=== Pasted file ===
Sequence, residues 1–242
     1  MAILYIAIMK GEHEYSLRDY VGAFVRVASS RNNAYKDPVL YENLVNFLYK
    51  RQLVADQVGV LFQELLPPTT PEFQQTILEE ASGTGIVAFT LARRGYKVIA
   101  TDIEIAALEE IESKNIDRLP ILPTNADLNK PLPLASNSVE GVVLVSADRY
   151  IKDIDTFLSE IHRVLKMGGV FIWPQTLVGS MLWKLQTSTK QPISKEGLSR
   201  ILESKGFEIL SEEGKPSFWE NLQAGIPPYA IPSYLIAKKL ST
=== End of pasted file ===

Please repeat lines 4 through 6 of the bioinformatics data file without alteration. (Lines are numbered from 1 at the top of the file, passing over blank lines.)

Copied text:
   101  TDIEIAALEE IESKNIDRLP ILPTNADLNK PLPLASNSVE GVVLVSADRY
   151  IKDIDTFLSE IHRVLKMGGV FIWPQTLVGS MLWKLQTSTK QPISKEGLSR
   201  ILESKGFEIL SEEGKPSFWE NLQAGIPPYA IPSYLIAKKL ST